-- Last Updated: Feb-07-13 5:40 PM EST --
What the hull can handle is irrelevant if you can't handle the conditions or fix a problem. Working on a correct forward stroke is admirable. But it is not remotely related to doing an on-water recovery nor is it going to provide you comfort if the boat starts moving side to side more than you are used to. Those are other realms. It sounds like you have not been willing to actually try any of this out, instead you are "thinking that you could..." do a number of things.
You might be able to pump it out on the water, though your arms may easily fall off before you have the thing emptied out. There are steps in an on-water recovery that can help dump water out of the cockpit without adding to exhaustion - in fact that is why assisted rescues involve boat over boat. That's how you get the water out, and it beats the heck out of pumping.
Only you can answer the question of being able to swim that far back to land. Personally, I'd rather stay with the boat and be able to get back in for a number of reasons, not the least of which being that you are safer from power boaters sticking up in a boat than being a little head swimming out in the middle of a lake.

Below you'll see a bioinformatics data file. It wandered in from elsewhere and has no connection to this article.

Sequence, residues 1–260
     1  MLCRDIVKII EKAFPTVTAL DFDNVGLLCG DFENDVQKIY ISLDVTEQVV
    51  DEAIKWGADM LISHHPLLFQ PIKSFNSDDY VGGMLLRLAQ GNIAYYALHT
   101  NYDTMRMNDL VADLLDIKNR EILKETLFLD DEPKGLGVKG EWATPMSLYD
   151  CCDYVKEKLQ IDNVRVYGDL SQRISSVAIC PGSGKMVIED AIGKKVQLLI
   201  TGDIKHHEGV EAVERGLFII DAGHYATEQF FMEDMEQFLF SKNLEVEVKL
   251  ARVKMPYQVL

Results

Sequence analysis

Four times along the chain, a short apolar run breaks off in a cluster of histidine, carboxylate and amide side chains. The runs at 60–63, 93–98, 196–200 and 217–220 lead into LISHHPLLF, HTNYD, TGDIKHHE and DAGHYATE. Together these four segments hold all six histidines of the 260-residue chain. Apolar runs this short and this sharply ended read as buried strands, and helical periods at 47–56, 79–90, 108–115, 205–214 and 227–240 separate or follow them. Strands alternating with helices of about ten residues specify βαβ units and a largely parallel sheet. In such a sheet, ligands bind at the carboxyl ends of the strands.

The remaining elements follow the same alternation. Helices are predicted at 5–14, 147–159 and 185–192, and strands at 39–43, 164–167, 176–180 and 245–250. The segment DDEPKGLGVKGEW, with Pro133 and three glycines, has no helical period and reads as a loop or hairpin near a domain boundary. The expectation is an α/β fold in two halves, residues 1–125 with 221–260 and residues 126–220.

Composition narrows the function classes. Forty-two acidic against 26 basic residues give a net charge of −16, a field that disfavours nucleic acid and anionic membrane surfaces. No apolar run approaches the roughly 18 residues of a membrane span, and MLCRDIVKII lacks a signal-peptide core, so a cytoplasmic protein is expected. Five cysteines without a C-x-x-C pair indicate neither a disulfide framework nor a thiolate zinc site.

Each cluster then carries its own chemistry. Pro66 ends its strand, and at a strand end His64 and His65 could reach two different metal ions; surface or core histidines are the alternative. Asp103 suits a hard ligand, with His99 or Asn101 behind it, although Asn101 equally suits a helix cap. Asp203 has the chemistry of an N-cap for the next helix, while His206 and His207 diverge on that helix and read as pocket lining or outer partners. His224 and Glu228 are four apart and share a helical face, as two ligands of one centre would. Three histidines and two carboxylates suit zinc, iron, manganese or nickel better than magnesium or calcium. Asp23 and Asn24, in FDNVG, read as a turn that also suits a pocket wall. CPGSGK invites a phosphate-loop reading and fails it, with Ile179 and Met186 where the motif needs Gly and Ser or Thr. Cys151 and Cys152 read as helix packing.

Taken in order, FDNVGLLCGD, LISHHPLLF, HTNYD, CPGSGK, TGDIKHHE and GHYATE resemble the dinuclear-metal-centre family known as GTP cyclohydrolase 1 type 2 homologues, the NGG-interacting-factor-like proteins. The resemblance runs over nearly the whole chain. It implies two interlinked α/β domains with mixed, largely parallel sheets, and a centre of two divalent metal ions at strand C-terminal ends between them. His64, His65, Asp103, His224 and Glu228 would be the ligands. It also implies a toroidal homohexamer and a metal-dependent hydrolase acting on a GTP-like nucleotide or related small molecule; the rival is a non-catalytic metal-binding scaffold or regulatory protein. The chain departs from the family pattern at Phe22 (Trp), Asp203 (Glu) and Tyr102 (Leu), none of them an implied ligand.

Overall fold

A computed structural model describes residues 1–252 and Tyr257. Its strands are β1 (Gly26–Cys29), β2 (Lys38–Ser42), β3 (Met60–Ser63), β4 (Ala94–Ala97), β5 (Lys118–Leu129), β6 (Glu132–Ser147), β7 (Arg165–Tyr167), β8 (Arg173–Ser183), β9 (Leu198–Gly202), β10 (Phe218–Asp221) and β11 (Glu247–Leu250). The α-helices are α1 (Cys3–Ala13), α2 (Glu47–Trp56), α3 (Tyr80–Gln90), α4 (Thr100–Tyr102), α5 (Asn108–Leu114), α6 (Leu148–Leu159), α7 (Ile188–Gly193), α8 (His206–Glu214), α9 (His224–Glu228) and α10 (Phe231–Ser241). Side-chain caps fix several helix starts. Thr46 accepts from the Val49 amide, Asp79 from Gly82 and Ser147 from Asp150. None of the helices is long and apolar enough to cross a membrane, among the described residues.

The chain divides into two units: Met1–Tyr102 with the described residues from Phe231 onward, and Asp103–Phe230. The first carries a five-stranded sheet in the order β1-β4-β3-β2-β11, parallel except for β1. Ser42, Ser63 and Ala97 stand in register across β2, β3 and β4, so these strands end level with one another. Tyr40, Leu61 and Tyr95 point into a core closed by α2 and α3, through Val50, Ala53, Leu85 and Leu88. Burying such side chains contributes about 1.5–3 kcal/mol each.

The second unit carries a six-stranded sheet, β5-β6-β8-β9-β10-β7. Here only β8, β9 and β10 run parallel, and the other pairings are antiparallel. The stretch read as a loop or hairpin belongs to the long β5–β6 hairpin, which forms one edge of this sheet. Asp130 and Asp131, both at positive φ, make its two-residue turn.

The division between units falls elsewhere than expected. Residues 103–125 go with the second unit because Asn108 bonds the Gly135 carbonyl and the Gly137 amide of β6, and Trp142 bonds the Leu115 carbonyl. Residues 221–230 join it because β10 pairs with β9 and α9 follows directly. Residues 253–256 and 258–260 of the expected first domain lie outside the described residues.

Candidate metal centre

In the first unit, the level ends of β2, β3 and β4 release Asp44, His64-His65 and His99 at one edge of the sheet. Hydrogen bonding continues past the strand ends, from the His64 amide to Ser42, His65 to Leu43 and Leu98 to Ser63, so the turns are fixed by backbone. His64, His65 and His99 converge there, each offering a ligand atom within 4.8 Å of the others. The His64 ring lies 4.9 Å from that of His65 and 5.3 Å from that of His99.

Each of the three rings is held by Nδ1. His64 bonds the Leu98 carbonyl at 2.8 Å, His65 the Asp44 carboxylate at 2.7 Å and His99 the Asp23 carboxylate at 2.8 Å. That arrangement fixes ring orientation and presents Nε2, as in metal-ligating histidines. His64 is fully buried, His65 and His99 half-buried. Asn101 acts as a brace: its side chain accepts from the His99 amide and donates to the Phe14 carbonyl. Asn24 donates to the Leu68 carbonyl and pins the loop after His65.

I am sure that this boat in the right hands can manage some pretty severe conditions. But I would wager that anyone who took it into the extreme stuff you are talking about has a number of other skills that I am guessing you lack - like great comfort in waves, a solid brace and likely a roll, and time practicing a variety of self-rescue options so they know exactly what they can do when things get dicey. They are not depending on theoretical options, but ones that they have tested and know they can execute.
That is really the crux of this. Rec boats or even transitional boats with big cockpits make recovery from a problem more challenging. In some situations the combination of the boat and the problem could make it impossibly exhausting, in other cases the situation could be more manageable. The tragedies related to people in rec boats are usually the result of the paddler not having a pragmatic understanding of those limitations, and given that rec boats appeal to beginners there is a lot of that to go around.
It is entirely possible that things could go wrong and you'd manage a recovery OK. It is entirely possible that you would find you have unusually good balance and don't capsize when others would. It is equally possible that things could go wrong and you would find out your ideas were not going to work in the event of a real capsize.
The problem is not what might work for someone else, but your own apparent reluctance to get wet to find out what works for you. If you have been working on the forward stroke, you've had plenty of opportunity to capsize this boat and do this.